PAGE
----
Today, I wanted to share a post with you that was submitted by Carlypso, a company that’s aiming to make the process of buying and selling used cars easier.
I really liked this article because it’s an idea I’ve been toying around with myself after hearing how successful it has been with people buying homes to rent out on AirBnB. This post should get the ball rolling if any of you are interested or have thought about doing something similar.
The key assumptions here are the price at which you can get a car and the amount you can fetch from renting it out on a site like Flight Car and/or Relay Rides. There’s obviously some risk and it definitely isn’t a get rich quick scheme but if you are willing to put in the time and effort to price these out and figure out the system before other people, I think there is definitely some potential.
It all started when we noticed a trend of customers without special requests for used cars. Our pricing engine treats vehicles like commodities, but it’s not often that you find groups of car buyers who don’t care about paint color or interior, or even a few dings and dents. The only request was to make sure that the price was competitive.
Through these conversations, we discovered that these buyers were not looking for a vehicle for themselves, but rather one to be loaned out to Flightcar, or dedicated as an Uber or Lyft car. Seemingly absurd at first… so our data team at Carlypso.com dug a bit deeper.
“It’s a trend we’re seeing too,” says Ryder Pearce, co-founder of SherpaShare. “We’ve talked to several rideshare drivers who are starting to build their own fleet of cars to rent out to people. They realize this is one way they can scale their micro-entrepreneur efforts.” Furthermore, they also noted this wasn’t just a ‘second car,’ but rather a fourth or even fifth vehicle for some. “When you’re juggling 3-4 apps at the same time, while you’re being more efficient as a driver, you’re still only using your available time. Adding cars and building a small fleet can be attractive for some.”
So how does this work?
Flightcar.com is a cross of car-sharing and long-term parking; it’s also a way for your car to work for you rather than sitting collecting parking tickets. Depending on the make and model, Flightcar can pay you up to $500 monthly for the use of your vehicle. These companies, for a host of legal, operational, and other reasons, don’t want to actually own the vehicles themselves. (Otherwise, we would be scraping the internet for cars all day for them, and they would be the next Hertz).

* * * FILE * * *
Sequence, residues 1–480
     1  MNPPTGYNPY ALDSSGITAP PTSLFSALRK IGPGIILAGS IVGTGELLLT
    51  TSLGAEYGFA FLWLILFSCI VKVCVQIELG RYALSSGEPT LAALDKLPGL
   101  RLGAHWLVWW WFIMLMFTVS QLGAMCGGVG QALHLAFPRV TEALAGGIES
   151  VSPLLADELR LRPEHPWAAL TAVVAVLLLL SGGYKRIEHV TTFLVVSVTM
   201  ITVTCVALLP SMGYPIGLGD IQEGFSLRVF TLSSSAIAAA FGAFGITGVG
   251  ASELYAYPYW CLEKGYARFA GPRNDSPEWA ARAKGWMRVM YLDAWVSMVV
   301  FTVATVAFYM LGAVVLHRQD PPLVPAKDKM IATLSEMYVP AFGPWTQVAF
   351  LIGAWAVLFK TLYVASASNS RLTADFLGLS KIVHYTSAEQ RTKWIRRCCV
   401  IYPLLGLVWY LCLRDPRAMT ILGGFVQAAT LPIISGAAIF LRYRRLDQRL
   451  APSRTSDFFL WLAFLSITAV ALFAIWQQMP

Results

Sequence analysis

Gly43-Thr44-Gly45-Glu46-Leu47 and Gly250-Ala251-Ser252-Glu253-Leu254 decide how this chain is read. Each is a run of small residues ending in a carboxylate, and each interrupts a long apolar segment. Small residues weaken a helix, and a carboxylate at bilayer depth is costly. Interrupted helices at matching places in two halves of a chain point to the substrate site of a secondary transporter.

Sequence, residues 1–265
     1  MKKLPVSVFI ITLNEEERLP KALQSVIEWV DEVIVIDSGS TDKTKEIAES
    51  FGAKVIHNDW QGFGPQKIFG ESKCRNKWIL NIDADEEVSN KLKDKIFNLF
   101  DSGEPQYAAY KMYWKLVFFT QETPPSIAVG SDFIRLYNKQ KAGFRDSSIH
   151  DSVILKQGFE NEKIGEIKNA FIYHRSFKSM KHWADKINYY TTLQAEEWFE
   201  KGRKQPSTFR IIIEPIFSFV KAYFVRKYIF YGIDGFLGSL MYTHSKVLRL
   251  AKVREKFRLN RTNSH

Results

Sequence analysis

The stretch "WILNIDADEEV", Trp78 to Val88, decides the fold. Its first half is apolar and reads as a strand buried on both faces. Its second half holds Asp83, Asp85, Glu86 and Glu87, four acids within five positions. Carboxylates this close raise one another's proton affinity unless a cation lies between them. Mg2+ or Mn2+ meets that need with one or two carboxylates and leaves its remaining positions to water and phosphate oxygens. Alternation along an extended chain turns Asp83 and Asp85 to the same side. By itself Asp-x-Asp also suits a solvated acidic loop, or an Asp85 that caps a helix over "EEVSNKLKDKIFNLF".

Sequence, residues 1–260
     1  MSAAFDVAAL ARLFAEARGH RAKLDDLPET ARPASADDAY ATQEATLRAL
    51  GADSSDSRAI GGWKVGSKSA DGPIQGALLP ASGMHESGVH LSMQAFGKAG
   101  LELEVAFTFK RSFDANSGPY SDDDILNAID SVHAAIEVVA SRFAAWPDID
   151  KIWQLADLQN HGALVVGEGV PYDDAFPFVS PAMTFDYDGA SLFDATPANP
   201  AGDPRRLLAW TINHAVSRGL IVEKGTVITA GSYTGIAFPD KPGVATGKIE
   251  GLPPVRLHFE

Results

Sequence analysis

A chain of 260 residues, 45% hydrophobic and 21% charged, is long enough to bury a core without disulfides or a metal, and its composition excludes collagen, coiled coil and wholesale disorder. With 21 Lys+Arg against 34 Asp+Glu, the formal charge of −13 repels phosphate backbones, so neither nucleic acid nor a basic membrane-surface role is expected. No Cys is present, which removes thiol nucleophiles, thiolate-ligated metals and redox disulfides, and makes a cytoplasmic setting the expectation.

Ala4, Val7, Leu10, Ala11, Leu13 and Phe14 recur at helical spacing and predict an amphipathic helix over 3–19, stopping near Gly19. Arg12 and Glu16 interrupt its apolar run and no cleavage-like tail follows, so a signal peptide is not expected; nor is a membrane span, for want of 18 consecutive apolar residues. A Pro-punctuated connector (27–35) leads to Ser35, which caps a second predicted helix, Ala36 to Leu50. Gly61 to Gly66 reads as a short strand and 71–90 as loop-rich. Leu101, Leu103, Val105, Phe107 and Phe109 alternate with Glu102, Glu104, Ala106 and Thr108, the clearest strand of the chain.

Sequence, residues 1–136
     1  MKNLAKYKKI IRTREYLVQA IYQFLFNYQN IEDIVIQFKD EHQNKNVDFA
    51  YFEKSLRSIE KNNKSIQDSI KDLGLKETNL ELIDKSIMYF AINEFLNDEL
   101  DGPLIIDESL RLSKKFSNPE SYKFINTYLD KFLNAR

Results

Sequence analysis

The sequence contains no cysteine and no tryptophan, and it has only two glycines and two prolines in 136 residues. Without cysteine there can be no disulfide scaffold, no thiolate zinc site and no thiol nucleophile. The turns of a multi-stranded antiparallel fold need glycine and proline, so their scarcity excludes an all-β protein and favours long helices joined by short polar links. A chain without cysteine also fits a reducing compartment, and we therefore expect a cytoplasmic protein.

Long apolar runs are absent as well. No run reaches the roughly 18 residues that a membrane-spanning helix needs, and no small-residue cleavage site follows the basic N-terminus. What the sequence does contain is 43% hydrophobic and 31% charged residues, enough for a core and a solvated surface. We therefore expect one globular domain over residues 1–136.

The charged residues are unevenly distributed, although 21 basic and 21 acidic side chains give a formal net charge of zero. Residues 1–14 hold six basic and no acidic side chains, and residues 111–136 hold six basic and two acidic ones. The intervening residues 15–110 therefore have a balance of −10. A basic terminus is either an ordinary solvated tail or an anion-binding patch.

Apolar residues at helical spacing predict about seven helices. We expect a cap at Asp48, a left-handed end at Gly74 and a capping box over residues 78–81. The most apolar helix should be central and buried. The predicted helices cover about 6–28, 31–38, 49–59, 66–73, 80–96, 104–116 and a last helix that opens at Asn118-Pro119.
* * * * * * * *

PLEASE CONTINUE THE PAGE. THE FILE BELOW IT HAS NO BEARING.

(Ed: I’ve also looked into this with RelayRides – another service that allows you to rent out your personal vehicle)
The example below is for a 2013 Chevrolet Spark with about 20k miles:
Bear in mind that this assumes a few things:
- Obviously, the cash flows are not discounted over time.
- The rates remain the same over time (e.g. Flightcar won’t begin paying lower values in 2016).
- That you don’t hold minimum liability insurance on the vehicle, and rely purely on Flightcar… But this not a big number if you make use of a pay-as-you-go type of car insurance.
Even given that the residual value of the vehicle will likely stay ahead of the financing paydown, the car will still generate income. You need to think about your a car like a commodity: find a car with lowest payments, with the best return.
If you need help, or have questions, we can also work with you to make the equation straightforward and transparent. Our tip for “income cars” is to 1) find the models with the best return on investment. 2) control for quality by getting a car via auction, which will ensure that a third party has looked at it and applied a rating to the quality, so that you can have confidence in buying an asset sight unseen.
A few years ago it was not uncommon to hear about a wealthy friend purchasing an apartment with the sole intent of renting it out on Airbnb. At first, people thought this was crazy; however, as the service has grown more popular, you are seeing more people trusting the ‘share economy’ with their assets. Now with vehicles as income generators, there is a less capital intensive avenue.
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Chris Coleman and Nicholas Hinrichsen are two Stanford MBAs who co-founded Carlypso.com, a website devoted to the sale of used cars. The team is made of gear heads and data nerds from MIT and Stanford, all obsessed with cars.
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